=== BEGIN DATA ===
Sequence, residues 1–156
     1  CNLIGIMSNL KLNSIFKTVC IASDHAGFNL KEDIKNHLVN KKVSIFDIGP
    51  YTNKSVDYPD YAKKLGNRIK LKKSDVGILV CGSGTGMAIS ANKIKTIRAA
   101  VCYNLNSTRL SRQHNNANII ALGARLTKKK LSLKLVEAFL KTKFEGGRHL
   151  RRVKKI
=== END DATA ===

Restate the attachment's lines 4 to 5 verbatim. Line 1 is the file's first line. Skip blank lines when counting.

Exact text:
   101  VCYNLNSTRL SRQHNNANII ALGARLTKKK LSLKLVEAFL KTKFEGGRHL
   151  RRVKKI